I promised myself months ago that I wasn't going to read these things anymore. Because, really, what purpose does it serve except to bring me down? Seeing my son, whom I see every day as sweet and stubborn and clever and ornery and funny, reduced to numbers in a sterile report hurts my heart.
But having the thick brown envelope sitting in my hands makes it nearly impossible not to look at what's inside. And so I looked.
From his evaluation last month (chronological age: 19 months), here's where his skill levels fell:
GROSS MOTOR: 6 months
(Really?? The notes say "Finn crawls as his primary means of locomotion. He pulls himself to a kneeling position onto furniture." How many typical 6-month-olds do this? Wouldn't this be rather advanced for a 6-month-old?)
FINE MOTOR: 6 months
(Notes: "Finnian will reach for objects with his hands." That's it. Gah! He does so much more than that!)
COGNITIVE DEVELOPMENT: 7 months
COMMUNICATION/RECEPTIVE: 8 months
COMMUNICATION/EXPRESSIVE: 8 months
SOCIAL/EMOTIONAL: 8 months
ADAPTIVE/SELF-HELP: 8 months
It is interesting to note that he assessed at a younger skill level in every area this time than he did six months prior at his last eval. So, he regressed? No, he did not. He was evaluated by a different person, using a different assessment method this time. Which just goes to show, it's all so very subjective. And none of it - no assessment tool on the planet, nor any person performing the evaluation - can possibly show a true, complete picture of what Finn is actually capable of. None of these evaluations take into account that one of his favorite things to do is open the latch on the dog's crate (fine motor) and let the dog out. Or how he knows exactly where the drawer in the kitchen is with all the tupperware lids, and how he loves to empty that drawer out. Or how he puts a towel over his head and then whips it off, and cracks up, playing peek-a-boo. Or how he knows where to find his favorite toys. Or how he will transfer a toy from one hand to the other when I'm getting him dressed. Or a million other things.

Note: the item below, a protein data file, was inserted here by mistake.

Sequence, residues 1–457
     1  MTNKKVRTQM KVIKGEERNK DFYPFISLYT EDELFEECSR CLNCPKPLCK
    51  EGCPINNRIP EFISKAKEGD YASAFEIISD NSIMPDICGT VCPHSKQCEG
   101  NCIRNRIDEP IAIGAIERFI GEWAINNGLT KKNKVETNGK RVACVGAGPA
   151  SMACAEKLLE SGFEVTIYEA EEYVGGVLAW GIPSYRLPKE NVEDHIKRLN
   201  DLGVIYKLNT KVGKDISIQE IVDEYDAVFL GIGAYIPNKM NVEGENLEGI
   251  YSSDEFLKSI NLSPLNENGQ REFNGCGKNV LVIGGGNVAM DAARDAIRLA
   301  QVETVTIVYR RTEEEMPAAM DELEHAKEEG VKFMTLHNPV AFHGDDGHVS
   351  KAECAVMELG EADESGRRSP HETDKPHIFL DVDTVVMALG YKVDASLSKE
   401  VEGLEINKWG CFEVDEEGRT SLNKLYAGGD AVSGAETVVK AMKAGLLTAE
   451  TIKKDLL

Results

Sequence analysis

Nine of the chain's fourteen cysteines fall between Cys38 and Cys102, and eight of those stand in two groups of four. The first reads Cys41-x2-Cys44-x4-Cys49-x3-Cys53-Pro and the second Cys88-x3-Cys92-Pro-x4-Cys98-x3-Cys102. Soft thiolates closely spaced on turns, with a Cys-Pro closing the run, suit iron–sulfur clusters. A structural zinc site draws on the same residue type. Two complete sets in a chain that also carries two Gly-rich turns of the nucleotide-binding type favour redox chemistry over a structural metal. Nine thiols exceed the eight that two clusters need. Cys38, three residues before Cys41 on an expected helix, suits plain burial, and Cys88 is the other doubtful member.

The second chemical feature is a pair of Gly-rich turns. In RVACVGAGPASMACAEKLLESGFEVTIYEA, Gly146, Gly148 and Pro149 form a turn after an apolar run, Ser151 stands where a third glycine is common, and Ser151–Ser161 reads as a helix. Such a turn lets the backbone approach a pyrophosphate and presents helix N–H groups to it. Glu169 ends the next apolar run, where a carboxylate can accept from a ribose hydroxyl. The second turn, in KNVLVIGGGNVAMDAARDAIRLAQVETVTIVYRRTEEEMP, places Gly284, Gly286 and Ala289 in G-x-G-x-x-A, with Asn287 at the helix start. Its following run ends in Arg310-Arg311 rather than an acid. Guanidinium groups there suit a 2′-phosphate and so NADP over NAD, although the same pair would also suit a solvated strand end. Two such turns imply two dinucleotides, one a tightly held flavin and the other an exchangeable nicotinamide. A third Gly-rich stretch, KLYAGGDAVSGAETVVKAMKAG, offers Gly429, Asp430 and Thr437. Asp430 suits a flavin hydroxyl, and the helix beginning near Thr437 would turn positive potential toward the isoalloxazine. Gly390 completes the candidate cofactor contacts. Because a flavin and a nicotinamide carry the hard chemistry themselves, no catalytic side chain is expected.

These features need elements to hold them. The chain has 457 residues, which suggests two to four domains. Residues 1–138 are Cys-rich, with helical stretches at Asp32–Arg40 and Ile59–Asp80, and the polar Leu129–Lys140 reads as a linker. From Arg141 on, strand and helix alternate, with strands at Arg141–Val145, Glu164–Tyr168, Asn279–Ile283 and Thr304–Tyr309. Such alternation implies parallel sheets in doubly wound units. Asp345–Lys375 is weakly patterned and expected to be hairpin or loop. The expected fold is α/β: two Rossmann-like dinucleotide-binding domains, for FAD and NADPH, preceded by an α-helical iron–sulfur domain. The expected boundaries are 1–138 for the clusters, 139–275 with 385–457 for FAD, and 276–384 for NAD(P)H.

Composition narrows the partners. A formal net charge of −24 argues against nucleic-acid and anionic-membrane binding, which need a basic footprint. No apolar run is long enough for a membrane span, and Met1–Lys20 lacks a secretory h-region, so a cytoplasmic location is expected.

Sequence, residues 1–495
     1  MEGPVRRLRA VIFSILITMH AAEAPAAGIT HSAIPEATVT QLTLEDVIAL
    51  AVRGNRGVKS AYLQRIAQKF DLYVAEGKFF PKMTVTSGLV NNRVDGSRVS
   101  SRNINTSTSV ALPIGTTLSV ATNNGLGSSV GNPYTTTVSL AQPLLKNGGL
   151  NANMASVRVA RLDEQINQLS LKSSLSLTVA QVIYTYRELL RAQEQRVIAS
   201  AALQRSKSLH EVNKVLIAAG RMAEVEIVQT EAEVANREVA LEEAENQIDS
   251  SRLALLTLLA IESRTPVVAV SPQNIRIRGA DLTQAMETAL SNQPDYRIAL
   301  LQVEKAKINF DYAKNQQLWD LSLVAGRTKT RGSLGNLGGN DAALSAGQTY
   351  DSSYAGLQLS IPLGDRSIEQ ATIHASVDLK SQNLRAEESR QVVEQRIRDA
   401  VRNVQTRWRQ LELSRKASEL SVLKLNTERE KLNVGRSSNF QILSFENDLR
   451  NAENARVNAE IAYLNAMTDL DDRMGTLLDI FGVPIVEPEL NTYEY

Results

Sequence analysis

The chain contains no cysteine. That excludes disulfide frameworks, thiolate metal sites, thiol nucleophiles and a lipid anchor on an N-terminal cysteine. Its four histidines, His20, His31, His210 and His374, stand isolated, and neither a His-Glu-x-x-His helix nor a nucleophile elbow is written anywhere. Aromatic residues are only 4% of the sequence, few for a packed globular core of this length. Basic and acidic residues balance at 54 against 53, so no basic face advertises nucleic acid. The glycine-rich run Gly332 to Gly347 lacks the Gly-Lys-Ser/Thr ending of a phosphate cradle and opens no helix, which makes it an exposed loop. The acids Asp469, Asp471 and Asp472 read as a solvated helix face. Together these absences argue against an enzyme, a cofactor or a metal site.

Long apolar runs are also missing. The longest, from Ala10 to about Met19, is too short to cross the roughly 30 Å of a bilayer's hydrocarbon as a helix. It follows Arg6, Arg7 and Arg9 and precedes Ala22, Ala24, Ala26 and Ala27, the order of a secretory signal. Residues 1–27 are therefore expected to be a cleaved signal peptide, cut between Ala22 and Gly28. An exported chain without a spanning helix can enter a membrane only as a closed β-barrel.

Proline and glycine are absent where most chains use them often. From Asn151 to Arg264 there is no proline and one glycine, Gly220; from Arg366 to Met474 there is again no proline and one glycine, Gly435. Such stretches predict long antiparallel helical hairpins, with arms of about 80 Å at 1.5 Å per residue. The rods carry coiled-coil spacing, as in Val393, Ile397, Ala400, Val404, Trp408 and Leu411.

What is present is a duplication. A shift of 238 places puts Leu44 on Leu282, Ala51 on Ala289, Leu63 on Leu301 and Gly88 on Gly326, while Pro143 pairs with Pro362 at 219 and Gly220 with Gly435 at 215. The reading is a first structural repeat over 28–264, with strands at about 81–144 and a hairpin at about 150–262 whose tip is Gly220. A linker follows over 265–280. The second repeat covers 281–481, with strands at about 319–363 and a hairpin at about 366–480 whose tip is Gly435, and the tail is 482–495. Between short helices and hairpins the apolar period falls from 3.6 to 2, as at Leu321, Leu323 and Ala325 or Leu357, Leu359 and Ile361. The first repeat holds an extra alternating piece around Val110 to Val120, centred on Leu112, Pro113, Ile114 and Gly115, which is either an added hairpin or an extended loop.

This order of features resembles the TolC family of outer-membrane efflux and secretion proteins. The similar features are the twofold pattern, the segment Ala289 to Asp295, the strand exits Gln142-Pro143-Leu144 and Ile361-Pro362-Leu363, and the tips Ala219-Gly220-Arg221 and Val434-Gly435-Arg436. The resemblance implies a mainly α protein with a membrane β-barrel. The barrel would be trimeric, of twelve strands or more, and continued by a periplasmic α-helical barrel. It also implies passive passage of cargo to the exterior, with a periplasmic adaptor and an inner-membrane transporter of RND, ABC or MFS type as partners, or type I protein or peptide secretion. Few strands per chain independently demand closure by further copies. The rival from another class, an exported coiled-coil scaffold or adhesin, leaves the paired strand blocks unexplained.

I remember when Finn was a mere 3 and a half weeks old, and he rolled over for the first time . I was shocked and amazed - none of my "regular" kids had rolled over nearly that early. And it wasn't a one-time thing - he kept rolling from that day. And I remember thinking, "Maybe he'll make history and be the first person with Down syndrome on his karyotype, but not have any of the delays associated with Down syndrome. Maybe he'll have Down syndrome but be a genius!" Ahhh. It makes me sad now to think back on how desperately I wanted him to be okay. And back then, in my mind, okay meant as normal, and even advanced, as possible. I had not yet gained this knowledge that a full, happy life, and a life of value, is not tied to how smart one is, or how high one can jump or how early one walks. A full, happy life, a life of value, is tied to loving and being loved, to experiencing joy on any level.
So, yeah, Finn is delayed. How much? I have no idea. These evaluations aren't consistent and therefore can't seem to give an accurate assessment of where he's at. I am making a conscious effort not to take this all too much to heart. Finn is a whole person above and beyond any evaluation report or IFSP. He's delayed, yes. But he's progressing. He's happy and healthy and loved.